The heart is basically a pump. The heart is made up of specialized muscle tissue, called the myocardium. The heart's primary function is to pump blood throughout the body, so that the body's tissues can receive oxygen and nutrients and have waste substances taken away.

Like any pump, the heart requires fuel in order to work. The myocardium requires oxygen and nutrients, just like any other tissue in the body. However, the blood that passes through the heart's chambers is only passing through on its trip to the rest of the body. This blood does not give oxygen and nutrients to the myocardium. The myocardium receives its oxygen and nutrients from the coronary arteries, which lie on the outside of the heart.

Illustration of a normal and diseased artery
Click Image to Enlarge

When the heart tissue does not receive an adequate blood supply, it cannot function as well as it should. If the myocardium's blood supply is decreased for a length of time, a condition called ischemia may develop. Ischemia can decrease the heart's pumping ability, because the heart muscle becomes weakened due to a lack of oxygen.

Fortunately, the technology is available to restore blood flow to heart tissue when coronary artery blockages are diagnosed. One of several procedures used to diagnose and evaluate coronary artery disease is the myocardial perfusion scan.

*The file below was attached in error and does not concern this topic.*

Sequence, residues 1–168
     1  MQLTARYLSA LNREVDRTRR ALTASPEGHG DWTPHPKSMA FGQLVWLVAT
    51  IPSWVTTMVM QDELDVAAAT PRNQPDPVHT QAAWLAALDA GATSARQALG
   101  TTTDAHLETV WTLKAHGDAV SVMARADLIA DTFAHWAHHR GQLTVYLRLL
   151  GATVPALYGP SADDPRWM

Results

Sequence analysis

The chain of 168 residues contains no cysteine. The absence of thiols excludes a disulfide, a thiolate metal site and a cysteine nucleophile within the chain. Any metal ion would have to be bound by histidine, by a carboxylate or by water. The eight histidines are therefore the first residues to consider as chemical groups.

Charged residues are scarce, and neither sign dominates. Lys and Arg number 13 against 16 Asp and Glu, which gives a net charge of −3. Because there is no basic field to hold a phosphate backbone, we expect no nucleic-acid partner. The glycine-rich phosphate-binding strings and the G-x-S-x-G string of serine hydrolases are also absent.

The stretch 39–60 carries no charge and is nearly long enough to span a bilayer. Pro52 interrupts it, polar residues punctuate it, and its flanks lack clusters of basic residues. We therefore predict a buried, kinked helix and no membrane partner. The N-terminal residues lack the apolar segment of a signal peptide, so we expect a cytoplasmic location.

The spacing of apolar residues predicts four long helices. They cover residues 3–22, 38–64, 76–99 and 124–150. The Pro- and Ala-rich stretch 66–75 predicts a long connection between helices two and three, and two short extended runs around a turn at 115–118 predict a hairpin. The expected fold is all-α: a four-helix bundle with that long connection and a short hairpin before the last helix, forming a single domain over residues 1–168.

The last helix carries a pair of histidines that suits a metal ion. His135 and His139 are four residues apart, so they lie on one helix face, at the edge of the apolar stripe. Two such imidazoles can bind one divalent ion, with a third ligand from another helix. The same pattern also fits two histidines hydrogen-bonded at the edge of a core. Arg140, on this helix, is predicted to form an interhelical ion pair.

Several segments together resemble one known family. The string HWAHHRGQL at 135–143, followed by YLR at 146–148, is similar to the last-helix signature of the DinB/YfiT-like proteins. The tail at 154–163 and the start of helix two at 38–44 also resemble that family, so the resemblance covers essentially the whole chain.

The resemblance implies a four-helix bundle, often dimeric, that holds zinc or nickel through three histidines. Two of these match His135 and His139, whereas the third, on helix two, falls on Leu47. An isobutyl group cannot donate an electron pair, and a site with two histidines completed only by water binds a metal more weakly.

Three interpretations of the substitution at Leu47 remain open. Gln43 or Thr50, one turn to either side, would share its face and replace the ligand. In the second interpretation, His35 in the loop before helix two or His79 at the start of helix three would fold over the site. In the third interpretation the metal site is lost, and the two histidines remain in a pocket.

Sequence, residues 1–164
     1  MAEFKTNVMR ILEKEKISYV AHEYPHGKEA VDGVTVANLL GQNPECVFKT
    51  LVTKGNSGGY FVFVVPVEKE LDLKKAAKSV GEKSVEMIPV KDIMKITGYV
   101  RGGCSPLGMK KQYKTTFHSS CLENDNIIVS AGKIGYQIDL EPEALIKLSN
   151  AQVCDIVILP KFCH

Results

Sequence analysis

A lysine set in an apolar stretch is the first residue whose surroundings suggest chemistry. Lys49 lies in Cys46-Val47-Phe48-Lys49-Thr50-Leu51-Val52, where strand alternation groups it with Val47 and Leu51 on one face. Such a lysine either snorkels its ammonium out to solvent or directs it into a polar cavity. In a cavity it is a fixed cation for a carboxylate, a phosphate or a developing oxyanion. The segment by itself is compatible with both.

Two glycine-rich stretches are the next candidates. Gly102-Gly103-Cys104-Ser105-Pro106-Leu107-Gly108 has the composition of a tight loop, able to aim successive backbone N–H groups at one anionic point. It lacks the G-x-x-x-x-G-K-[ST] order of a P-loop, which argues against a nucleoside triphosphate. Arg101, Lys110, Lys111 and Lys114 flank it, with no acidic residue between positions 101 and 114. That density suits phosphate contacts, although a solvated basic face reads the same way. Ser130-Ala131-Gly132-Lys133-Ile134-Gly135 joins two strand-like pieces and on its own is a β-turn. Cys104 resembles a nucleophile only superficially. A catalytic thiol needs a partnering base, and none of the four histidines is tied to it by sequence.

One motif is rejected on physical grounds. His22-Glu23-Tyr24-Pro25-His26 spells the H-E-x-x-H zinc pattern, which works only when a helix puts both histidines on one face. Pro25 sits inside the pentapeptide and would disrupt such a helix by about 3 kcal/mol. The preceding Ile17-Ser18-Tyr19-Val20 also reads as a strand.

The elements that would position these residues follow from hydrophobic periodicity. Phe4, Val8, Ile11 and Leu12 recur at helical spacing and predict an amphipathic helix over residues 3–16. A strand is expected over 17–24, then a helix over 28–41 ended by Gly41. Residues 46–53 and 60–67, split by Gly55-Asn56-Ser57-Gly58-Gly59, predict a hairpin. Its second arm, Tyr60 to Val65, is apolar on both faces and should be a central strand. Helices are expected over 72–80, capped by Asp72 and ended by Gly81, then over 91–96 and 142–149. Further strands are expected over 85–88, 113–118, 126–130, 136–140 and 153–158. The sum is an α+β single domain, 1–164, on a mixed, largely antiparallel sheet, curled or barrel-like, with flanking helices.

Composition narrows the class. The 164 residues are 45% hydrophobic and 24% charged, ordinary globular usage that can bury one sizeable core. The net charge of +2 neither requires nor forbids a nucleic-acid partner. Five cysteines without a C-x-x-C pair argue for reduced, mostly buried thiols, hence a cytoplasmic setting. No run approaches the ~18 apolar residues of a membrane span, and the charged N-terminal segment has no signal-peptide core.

Reasons for the procedure

Indications for an exercise or pharmacologic myocardial perfusion scan may include, but are not limited to, the following:

  • Chest pain, either new onset or occurring over a period of days or longer

  • Following a heart attack (myocardial infarction, or MI)

  • To assess blood flow to areas of the myocardium that have been reperfused (coronary artery blood flow restored) by bypass surgery, angioplasty (the opening of a coronary artery using a balloon or other method), or stent (a tiny expandable metal coil placed inside an artery to keep the artery open)

There may be other reasons for your doctor to recommend a myocardial perfusion scan.

Risks of the procedure

The exercise portion of the test may lead to rare instances of abnormal heart rhythms, chest pain, or heart attack due to the stress on the heart caused by the exercise.

The injection of the radionuclide may cause some slight discomfort. Allergic reactions to the radionuclide are rare.